On the first day of HMNS…a new exhibit debuts

Ring-oil lamp, 1st century B.C.E
On display in The Birth of Christianity:
A Jewish
Story
starting today.

The Birth of Christianity: A Jewish Story, a new special exhibition, makes its world premiere today, on the first day of HMNS. And that’s just the beginning – we’ve got 11 more days coming up, with great ideas for family fun this holiday season. You can check them all out now, at our spiffy new 12 Days of HMNS web site – or watch them roll out here until Christmas Eve.

For the first day of HMNS, we’re featuring our brand new exhibition, The Birth of Christianity: A Jewish Story – opening today. In the exhibit, you’ll embark on an adventure that spans the three centuries leading up to the birth of Jesus Christ, and the first decades after that – as the new religion of Christianity began to take shape.

Through a diverse array of artifacts, experience Jewish life during the reigns of Alexander the Great and the infamous King Herod. Return to the days of the Jewish War against the Romans and the stirring story of Masada, and learn the significance of Jewish burial customs. Finally, observe the dawn of the Christian Era. Along the way, marvel at ancient scrolls, objects and artifacts – such as one of the original Dead Sea Scrolls; original New Testament manuscripts, including an excerpt from the Gospel of Luke that contains the Christmas story; a large-scale, stone model of Jerusalem during the Second Temple period; and much more.

We’ve also developed an optional audio guide to go along with the exhibit, that allows you to explore what you see in greater depth. The voice of Flavius Josephus, a 1st century Jewish historian who survived the destruction of the temple of Jerusalem and lived during the development of early Christianity, is your guide through the exhibit. You can hear a preview of the audio guide here.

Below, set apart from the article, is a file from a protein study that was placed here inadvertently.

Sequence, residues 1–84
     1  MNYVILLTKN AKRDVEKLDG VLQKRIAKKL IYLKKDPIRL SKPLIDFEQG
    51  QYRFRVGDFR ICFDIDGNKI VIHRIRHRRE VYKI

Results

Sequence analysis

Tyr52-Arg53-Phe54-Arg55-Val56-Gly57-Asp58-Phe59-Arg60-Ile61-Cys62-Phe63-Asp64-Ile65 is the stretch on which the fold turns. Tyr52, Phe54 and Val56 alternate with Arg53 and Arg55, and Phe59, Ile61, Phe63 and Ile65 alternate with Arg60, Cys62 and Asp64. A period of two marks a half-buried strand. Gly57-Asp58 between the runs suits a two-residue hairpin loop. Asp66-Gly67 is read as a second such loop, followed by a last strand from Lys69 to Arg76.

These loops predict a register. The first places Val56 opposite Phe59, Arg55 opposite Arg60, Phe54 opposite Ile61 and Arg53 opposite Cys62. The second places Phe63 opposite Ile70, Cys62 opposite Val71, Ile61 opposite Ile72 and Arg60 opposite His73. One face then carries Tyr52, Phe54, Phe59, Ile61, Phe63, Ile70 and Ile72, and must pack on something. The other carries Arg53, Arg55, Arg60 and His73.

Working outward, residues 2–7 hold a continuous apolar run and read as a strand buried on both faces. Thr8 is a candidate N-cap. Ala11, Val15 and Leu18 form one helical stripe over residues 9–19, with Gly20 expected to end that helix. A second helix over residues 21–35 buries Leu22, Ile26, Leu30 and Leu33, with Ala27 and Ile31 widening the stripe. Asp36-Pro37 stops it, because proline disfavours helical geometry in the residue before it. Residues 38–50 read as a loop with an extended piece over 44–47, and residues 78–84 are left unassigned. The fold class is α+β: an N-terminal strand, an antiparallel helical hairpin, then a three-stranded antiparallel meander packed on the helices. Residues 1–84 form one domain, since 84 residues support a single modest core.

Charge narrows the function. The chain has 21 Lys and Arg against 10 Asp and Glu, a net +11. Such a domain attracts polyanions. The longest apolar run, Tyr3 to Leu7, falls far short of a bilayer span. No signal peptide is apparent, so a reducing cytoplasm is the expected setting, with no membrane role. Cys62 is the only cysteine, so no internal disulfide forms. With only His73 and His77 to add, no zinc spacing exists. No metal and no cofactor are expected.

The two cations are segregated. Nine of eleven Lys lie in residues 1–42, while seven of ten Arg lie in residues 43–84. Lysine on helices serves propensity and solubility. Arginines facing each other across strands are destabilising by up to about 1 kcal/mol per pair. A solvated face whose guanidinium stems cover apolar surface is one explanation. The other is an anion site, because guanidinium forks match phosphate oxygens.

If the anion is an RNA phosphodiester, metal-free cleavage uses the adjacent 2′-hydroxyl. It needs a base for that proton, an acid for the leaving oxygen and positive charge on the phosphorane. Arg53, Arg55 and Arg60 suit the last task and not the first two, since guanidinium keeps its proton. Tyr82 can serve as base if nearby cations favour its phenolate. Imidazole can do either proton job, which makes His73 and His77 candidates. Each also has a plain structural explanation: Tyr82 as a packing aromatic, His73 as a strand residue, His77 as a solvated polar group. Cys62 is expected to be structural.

And, in case you missed it in our earlier post – in the video below, you can see guest curator Matthias Henze discuss how the artifacts gathered in this premiere exhibition are “the closest we can get to the historical Jesus,” how important it is to understand the “Jewish roots of early Christianity;” and the many commonalities these two religious traditions share to this day.

Learn more about The Birth of Christianity: A Jewish Story:
Ancient artifacts are delicate – but they’re sometimes very heavy. See how the exhibit came together.
Take a preview Walk Through the Exhibition online.
Get a sneak-listen of the new audio guide, developed specially for this exhibition, and based on the latest archaeological evidence.

Game Day: Moving a 6-ton fossil

Last week a colleague commented in her post on this blog that she’s ridiculously excited about the debut of Leonardo. The entire Houston Museum of Natural Science team echoes her sentiments.

It’s been a challenging couple of weeks since Ike’s wrath came upon our city. The museum was closed to the public for about five days due to the storm’s aftermath.  We were left without power; therefore, the opening date of Dinosaur Mummy CSI: Cretaceous Science Investigation was delayed until Sept. 26 (originally scheduled to open Sept.19).

Now we’re up and running and it’s only 23 hrs. and about 10 minutes until visitors are able to see Leonardo on display. It took a lot to get him here—a special palette; a very heavy fork lift; an air cushioned tractor trailer; a crane; along with our very own dynamic paleontology staff and outstanding support from supreme moving specialists. As Dr. Bakker says, “Moving a fossil is like moving a piece of art.”